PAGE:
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Abstract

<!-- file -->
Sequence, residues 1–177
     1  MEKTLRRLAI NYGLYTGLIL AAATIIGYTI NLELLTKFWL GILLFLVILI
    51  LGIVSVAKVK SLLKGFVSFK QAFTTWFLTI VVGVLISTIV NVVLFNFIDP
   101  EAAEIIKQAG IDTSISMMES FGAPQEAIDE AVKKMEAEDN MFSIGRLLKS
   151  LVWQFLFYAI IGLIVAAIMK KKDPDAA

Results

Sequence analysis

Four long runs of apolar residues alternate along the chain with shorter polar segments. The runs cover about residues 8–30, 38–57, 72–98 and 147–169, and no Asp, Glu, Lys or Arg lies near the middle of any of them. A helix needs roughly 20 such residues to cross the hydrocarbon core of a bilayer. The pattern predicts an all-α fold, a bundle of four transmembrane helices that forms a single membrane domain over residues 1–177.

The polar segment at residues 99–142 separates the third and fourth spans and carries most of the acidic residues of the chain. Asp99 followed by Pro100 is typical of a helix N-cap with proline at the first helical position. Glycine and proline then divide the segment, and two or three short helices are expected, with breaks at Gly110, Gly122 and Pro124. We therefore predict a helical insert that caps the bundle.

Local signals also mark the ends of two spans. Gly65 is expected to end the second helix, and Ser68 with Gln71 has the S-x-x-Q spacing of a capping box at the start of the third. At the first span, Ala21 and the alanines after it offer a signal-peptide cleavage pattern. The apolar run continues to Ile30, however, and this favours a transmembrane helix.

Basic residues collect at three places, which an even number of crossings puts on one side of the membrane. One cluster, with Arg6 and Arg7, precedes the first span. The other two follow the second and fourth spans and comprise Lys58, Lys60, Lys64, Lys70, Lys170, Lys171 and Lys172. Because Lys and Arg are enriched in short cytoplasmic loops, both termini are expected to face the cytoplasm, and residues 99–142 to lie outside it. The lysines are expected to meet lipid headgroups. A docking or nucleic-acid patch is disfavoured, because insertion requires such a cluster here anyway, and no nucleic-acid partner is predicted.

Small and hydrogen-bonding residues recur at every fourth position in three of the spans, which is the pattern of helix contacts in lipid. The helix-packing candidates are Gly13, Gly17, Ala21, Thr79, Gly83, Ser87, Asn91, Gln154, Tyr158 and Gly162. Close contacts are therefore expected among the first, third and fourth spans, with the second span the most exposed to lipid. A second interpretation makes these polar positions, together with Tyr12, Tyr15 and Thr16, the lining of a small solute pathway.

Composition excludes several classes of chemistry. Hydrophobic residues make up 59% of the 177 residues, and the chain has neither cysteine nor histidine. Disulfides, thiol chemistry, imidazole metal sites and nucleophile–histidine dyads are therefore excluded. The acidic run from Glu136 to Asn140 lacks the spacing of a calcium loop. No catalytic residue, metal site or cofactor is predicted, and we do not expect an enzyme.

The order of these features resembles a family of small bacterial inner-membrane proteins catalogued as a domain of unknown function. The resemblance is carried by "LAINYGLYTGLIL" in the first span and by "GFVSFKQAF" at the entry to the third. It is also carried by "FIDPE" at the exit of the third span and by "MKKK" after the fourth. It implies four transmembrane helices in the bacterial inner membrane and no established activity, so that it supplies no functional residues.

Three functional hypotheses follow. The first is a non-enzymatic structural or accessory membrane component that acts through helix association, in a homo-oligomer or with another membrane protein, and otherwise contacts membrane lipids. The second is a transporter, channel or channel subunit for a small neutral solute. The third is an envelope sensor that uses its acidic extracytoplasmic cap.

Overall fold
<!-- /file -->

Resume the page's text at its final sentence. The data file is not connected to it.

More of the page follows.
A new criterion is introduced for the onset of shear thickening in a concentrated dispersion. The criterion follows from the assumption that shear thickening occurs when the shear forces overrule the interparticle forces. A force balance at small interparticle distances is used to predict the dependence of this critical shear rate on the volume fraction. It is deduced that the critical shear rate is proportional to the interparticle distance, has a linear dependence on the magnitude of the stabilizing force, an inverse linear dependence on the dispersion medium viscosity, and an inverse linear dependence on the particle radius. The model is confirmed experimentally with viscosity measurements on various electrostatically stabilized dispersions. The validity of the model is also checked with data obtained from the literature. Experiments indicate that polydisperse dispersions exhibit pronounced shear thickening but with a less dramatic increase in viscosity than monodisperse dispersions.